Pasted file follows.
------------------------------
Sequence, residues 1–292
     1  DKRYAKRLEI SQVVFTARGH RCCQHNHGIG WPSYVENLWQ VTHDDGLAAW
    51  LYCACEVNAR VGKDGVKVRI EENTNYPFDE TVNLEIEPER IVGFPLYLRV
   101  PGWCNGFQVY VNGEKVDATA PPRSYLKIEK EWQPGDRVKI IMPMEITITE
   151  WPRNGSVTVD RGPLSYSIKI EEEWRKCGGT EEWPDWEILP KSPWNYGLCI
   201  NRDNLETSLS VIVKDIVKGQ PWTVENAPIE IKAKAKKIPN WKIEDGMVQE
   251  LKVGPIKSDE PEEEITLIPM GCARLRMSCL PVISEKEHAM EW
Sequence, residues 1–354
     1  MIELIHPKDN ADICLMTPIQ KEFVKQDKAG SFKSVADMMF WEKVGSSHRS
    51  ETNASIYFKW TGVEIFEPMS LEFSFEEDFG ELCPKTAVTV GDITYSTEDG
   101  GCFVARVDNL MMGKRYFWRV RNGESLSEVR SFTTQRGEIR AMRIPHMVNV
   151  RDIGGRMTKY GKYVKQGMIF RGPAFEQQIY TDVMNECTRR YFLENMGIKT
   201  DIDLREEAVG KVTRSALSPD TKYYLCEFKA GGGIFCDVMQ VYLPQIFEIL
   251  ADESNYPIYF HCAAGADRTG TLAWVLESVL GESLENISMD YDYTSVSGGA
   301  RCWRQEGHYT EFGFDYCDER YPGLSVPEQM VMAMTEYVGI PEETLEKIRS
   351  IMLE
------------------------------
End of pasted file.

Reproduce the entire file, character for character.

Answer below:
Sequence, residues 1–292
     1  DKRYAKRLEI SQVVFTARGH RCCQHNHGIG WPSYVENLWQ VTHDDGLAAW
    51  LYCACEVNAR VGKDGVKVRI EENTNYPFDE TVNLEIEPER IVGFPLYLRV
   101  PGWCNGFQVY VNGEKVDATA PPRSYLKIEK EWQPGDRVKI IMPMEITITE
   151  WPRNGSVTVD RGPLSYSIKI EEEWRKCGGT EEWPDWEILP KSPWNYGLCI
   201  NRDNLETSLS VIVKDIVKGQ PWTVENAPIE IKAKAKKIPN WKIEDGMVQE
   251  LKVGPIKSDE PEEEITLIPM GCARLRMSCL PVISEKEHAM EW
Sequence, residues 1–354
     1  MIELIHPKDN ADICLMTPIQ KEFVKQDKAG SFKSVADMMF WEKVGSSHRS
    51  ETNASIYFKW TGVEIFEPMS LEFSFEEDFG ELCPKTAVTV GDITYSTEDG
   101  GCFVARVDNL MMGKRYFWRV RNGESLSEVR SFTTQRGEIR AMRIPHMVNV
   151  RDIGGRMTKY GKYVKQGMIF RGPAFEQQIY TDVMNECTRR YFLENMGIKT
   201  DIDLREEAVG KVTRSALSPD TKYYLCEFKA GGGIFCDVMQ VYLPQIFEIL
   251  ADESNYPIYF HCAAGADRTG TLAWVLESVL GESLENISMD YDYTSVSGGA
   301  RCWRQEGHYT EFGFDYCDER YPGLSVPEQM VMAMTEYVGI PEETLEKIRS
   351  IMLE